Report creates discussion

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Not all Ashburton District councillors were in favour of receiving an updated report on the proposed Resilient Business Programme at last week’s council meeting.

The programme aims to develop the district’s economy to be more diverse, resilient and sustainable and will support farmers to explore and implement land uses that will deliver good environmental, social and financial outcomes.

A working group of farmers, industry organisations and entities active in the community was set up 12 months ago to understand what it means for farms to be positioned more resiliently to address a number of new environmental regulations coming in.

“We see council in the role of a broker and facilitator in this process and what has been become clear in this last year is that there is market failure and a gap for the broker’ and someone with who has visibility and the best interests of the community to help broker conversations,” council agricultural portfolio broker Richard Fitzgerald told councillors.

The programme was proposed to empower farmers and provide them with solutions and not tell them what to do.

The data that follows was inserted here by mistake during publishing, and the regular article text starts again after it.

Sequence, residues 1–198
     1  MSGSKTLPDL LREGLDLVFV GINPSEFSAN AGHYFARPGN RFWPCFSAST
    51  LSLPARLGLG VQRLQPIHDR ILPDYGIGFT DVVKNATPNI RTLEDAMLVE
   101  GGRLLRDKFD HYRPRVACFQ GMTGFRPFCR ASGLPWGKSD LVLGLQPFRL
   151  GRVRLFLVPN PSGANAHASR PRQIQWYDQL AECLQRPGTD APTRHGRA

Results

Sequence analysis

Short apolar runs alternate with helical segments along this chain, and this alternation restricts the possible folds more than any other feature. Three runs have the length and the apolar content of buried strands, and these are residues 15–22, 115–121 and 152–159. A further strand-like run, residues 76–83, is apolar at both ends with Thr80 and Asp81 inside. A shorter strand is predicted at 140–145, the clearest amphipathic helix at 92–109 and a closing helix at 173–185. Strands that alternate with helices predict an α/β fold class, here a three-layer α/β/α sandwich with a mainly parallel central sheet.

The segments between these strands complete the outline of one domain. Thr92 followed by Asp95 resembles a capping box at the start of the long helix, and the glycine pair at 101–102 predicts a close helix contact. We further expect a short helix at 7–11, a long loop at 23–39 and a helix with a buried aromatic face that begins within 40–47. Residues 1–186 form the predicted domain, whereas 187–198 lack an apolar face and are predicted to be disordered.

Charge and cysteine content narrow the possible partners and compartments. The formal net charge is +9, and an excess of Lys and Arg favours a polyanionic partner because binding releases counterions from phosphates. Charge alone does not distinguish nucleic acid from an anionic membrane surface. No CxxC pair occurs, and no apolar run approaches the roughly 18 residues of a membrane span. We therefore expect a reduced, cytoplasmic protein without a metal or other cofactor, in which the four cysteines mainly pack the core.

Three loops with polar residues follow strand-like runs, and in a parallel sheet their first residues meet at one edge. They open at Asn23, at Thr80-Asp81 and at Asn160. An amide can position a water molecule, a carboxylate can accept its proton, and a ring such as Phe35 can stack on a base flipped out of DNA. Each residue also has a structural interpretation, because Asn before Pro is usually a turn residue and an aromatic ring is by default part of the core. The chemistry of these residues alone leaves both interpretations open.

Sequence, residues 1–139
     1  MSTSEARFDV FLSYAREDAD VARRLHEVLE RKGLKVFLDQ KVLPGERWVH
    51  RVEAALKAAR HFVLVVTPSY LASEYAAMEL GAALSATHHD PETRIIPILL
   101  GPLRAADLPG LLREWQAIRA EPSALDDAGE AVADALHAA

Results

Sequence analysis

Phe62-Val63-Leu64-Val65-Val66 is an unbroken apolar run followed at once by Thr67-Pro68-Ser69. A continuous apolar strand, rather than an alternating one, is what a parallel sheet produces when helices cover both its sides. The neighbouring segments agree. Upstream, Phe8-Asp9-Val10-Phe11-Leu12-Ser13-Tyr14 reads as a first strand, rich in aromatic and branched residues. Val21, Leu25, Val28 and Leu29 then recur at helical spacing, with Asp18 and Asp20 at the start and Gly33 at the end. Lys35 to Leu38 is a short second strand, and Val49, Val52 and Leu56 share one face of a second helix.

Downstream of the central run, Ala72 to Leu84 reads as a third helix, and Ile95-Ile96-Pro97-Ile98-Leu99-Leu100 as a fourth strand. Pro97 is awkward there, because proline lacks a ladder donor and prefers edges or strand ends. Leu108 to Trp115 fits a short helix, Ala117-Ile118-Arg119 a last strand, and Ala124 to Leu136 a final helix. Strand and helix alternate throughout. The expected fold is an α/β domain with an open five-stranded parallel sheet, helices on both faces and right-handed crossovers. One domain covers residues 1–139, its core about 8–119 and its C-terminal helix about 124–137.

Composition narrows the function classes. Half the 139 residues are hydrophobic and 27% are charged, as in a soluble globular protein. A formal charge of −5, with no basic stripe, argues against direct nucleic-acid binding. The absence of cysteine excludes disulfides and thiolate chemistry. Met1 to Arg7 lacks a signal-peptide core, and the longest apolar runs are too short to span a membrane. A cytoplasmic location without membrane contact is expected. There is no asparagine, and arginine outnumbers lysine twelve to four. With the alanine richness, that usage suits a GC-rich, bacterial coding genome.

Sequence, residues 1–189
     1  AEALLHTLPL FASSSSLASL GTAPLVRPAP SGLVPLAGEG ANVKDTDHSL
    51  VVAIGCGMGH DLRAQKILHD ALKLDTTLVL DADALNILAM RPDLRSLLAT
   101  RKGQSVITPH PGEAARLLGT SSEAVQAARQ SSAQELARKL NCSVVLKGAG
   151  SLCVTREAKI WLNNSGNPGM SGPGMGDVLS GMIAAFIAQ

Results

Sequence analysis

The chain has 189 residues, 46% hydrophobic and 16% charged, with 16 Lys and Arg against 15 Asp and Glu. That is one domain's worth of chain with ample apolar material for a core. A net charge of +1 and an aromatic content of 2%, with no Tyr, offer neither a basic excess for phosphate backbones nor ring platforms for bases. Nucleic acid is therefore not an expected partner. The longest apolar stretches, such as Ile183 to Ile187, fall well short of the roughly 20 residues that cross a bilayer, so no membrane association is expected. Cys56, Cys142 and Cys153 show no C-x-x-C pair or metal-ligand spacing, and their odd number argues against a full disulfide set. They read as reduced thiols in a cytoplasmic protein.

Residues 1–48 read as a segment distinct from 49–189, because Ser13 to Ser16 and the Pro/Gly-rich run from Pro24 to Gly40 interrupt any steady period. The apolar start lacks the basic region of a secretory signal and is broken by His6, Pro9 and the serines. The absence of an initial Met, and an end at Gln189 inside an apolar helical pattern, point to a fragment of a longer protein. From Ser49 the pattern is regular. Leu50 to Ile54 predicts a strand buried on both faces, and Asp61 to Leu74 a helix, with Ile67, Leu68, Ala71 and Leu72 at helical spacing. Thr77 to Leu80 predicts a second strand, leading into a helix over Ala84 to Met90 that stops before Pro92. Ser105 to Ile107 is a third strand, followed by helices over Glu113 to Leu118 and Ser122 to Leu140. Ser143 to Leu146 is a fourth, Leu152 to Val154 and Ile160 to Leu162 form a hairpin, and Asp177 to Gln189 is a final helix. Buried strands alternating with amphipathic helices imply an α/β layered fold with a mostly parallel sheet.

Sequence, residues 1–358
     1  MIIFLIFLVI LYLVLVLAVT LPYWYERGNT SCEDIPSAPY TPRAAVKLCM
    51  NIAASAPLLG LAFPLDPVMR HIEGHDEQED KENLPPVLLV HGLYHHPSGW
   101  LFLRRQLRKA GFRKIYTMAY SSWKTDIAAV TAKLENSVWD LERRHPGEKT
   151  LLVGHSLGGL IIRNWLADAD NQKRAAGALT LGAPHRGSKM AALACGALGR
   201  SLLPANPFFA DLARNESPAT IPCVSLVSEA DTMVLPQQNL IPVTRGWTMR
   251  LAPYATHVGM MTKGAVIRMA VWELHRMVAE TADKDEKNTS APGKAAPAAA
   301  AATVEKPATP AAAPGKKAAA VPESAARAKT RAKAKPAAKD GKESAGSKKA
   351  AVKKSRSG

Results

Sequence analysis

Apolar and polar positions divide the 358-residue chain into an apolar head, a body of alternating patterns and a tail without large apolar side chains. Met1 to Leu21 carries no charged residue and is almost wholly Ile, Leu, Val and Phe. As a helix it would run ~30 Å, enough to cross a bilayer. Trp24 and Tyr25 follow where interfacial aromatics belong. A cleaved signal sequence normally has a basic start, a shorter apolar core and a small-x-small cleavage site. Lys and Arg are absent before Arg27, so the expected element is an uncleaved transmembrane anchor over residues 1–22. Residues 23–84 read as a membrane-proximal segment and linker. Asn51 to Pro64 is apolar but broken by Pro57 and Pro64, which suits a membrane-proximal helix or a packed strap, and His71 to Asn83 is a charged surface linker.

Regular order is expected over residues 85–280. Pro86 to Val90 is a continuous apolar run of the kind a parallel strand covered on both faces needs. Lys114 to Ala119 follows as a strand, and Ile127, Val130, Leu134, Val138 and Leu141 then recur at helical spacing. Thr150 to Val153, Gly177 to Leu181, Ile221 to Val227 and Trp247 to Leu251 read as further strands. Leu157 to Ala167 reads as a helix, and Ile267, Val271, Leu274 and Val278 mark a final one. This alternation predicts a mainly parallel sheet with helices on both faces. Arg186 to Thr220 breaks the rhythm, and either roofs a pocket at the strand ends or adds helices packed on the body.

“It’s about creating an environment and knowledge and using skills to solve their own problems and to build resilience,” he said.

Funding for the programme would be sourced from government and also from local and regional entities with a vested interest in the success and prosperity of the agricultural industry.

Councillor Stuart Wilson said there were more farm consultants in the district per farmer than anywhere else in the country and also a number of discussion groups.

Farmers saw opportunities, “were not stupid” and followed revenues.

“Who is the council to tell them farmers what to do?” he asked.

Cr Rodger Letham said he agreed and did not believe the programme was a core business of council.

Cr Lynette Lovett and Cr John Falloon both shared similar sentiments.

Cr Falloon said farmers were the best judges of their own futures and had the best advisers and representative groups available.

Cr Carolyn Cameron said there was no down side in receiving the report and nothing would happen unless funding could be accessed.

A majority of councillors voted to receive the report.

The Resilient Business Programme is estimated to cost $5 million over three years.

-By Mick Jensen